Why am I experiencing pain in my clitoris?

1) Dear Alice,

i have been experiencing pain in my clitoris and generally in this area. It's a sharp pain that happens with the lightest touch, crossing my legs, or from wearing tight pants. I've never had this before and i'm wondering what it is. Also i've noticed the hood of the clitoris when pulled back, you can see like an inner layer of skin. Please i'm very worried, can you tell me what these may be? thanx

2) Dear Alice,

Is there anything that can be done for clitoral pain? I have a painful clitoris that swells, itches, and hurts throughout the month. I have had pain with this for years now and no doctor can find anything wrong with it. The only physical evidence is tiny white specks of discharge way back under the "hood." But if I pull back to look to see if there is anything wrong, it hurts immensely for days afterward. It interferes with my sex life with my husband because of the fear of pain if he touches the area. PLEASE let me know if there is a condition that this is related to or if there is any kind of cream that can minimize the pain. I have tried several kinds of Vagisil type treatments, but they do not help. Thank you.

Pain in the clitoris Help moving from ouch to ahhh (PRE)

Dear Readers, 

Sounds like you've gone from "ohhh" to "ouch!" While it can bring immense pleasure, the 10,000 nerve fibers in the clitoris can also offer intense pain. There are several factors that can contribute to burning, stinging, or throbbing pain in the clitoris—also known as clitorodynia—such as injury, infection, trauma, or certain medical conditions. Depending on the cause, there are a variety of treatments that may help manage or relieve the pain. 

Before identifying these reasons, it may be helpful to first review the anatomy of the clitoris. The clitoris is made up of three main parts: 

  • Glans: The clitoral glans is located directly above the opening of the urethra and below the pubic bone. The clitoral hood—or prepuce—might cover some, all, or none of the glans, depending on your anatomy. 
  • Body: The clitoral body is located behind the glans, and extends down into the body, splitting into two branches of erectile tissue called the crura. These two structures make up the clitoral shaft. 
  • Bulbs: Clitoral bulbs are made up of erectile tissue, which become swollen, similarly to a penis, during sexual arousal. The bulbs can be found between the crura and vaginal wall. 

That said, there may be a number of reasons you’re experiencing pain in the clitoris. Some of them may include: 

  • Infection. Yeast infections, urinary tract infections, bacterial vaginosis, and sexually transmitted infections (STIs) may cause clitoral pain. These infections are typically diagnosable, and symptoms can be either treated or managed.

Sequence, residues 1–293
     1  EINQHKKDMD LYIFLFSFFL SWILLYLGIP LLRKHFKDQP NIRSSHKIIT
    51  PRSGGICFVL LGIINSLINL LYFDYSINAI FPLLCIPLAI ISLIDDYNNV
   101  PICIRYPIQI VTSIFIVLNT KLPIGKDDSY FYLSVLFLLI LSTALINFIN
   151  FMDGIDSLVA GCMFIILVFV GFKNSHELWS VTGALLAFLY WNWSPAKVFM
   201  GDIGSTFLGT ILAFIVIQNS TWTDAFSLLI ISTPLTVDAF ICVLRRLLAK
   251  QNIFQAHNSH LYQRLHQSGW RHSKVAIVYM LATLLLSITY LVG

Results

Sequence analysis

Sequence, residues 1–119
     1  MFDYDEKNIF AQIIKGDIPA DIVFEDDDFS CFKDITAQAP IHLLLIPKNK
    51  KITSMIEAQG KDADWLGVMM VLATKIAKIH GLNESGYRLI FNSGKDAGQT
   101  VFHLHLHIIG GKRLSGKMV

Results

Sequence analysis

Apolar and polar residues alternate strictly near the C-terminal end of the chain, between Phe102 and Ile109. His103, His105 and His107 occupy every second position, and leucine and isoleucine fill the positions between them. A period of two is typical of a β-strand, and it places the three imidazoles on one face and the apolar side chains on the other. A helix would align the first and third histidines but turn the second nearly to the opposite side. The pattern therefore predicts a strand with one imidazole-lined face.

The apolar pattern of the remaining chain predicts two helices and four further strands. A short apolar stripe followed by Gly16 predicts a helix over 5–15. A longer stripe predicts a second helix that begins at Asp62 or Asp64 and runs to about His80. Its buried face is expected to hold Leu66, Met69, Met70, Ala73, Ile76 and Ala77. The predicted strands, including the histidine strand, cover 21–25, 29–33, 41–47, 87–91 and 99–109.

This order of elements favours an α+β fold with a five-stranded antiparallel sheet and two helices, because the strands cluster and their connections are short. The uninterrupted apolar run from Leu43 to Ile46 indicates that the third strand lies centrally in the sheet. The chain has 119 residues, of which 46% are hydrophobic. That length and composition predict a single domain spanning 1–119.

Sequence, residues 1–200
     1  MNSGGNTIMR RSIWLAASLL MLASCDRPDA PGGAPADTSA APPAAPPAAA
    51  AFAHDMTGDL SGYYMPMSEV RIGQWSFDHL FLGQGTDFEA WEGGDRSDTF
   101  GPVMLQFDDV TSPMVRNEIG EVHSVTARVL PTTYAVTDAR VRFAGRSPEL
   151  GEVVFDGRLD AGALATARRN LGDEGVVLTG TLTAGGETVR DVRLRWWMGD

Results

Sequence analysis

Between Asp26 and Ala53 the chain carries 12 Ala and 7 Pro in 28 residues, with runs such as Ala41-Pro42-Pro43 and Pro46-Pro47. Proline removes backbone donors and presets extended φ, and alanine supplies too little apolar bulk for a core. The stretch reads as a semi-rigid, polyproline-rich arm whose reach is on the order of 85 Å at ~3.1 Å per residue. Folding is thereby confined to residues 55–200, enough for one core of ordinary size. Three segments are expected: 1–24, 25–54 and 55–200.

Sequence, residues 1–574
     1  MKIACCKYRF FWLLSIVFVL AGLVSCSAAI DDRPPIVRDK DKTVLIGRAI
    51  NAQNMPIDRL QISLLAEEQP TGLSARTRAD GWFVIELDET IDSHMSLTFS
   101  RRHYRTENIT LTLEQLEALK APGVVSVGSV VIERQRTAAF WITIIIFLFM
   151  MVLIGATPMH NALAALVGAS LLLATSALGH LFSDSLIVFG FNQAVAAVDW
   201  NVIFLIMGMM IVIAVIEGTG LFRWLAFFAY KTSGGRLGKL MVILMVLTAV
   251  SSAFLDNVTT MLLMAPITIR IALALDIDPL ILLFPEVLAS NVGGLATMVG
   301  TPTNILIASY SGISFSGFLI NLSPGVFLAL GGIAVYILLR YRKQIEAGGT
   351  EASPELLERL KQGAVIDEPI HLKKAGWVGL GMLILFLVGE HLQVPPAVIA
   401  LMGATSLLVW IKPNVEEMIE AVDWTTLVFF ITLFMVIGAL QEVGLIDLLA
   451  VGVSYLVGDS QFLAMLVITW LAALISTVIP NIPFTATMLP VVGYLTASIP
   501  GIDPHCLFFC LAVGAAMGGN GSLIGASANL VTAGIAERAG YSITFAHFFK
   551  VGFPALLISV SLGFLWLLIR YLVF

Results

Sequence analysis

• Nerve conditions. Injury or compression of spinal or pelvic nerves can cause clitoral pain. These conditions are often caused by trauma, a herniated disk, or fluid-filled cysts at the bottom of the spine. 
  • Skin conditions. Rashes, dermatitis, skin allergies, or cysts on or near the clitoris can cause clitoral pain. Additionally, overusing specialized vaginal hygiene products or douching can disrupt the vaginal microbiome and pH levels, which can lead to clitoral pain. 
  • Central nervous system (CNS) conditions. Although uncommon, conditions such as diabetes, arthritis, multiple sclerosis, and more may cause clitoral pain. CNS conditions can interfere with how the brain processes pain signals, which may lead to pain in different parts of the body, such as the clitoris. 
  • Sexual trauma. Physical or psychological trauma can contribute to clitoral pain. Some forms of vaginal trauma may include vaginal childbirth, surgery, or sexual assault, among others. 
  • Hormonal imbalances. A deficiency or imbalance of estradiol and testosterone can affect tissue health, sensitivity, or atrophy in the vulva or clitoris. Additionally, an excess of androgen hormones can cause an enlarged clitoris to the point of pain or discomfort. 
  • Clitoral priapism. During sexual arousal, blood rushes to the clitoris, and the erectile tissue of the clitoris can swell and become erect. In some cases, the clitoris becomes painfully erect or swollen without any sexual stimulation for several hours. Potential causes of clitoral priapism may include drug use, certain medications, or cancer. 
  • Accumulation of smegma. This is a white, cheese-like substance composed of natural oils, cells, and other fluids. An accumulation of smegma can cause clitoral adhesions or the formation of keratin pearls, which are small, hardened masses of keratin and other proteins. These adhesions or keratin pearls may cause pain. 

The cause of your symptoms will help determine what treatments may be appropriate. Some of the treatment forms may include antibiotics, antifungal medications, pelvic floor therapy, anticonvulsants, or pain relievers. In some instances, steroids, hormone supplementation, or even surgery may also help. 

Speaking with a health care provider may help you learn about the cause of your pain and what additional steps or resources you can use to manage or relieve it. Depending on the cause, you may also meet with a mental health professional to work through any trauma that may be related to the pain. If necessary, they may also be able to provide support when figuring out how to speak with your partner about how it affects your sex life or finding activities that don't cause irritation or pain. 

Wishing you answers and relief,

Last updated Jan 12, 2024
Originally published Sep 20, 2002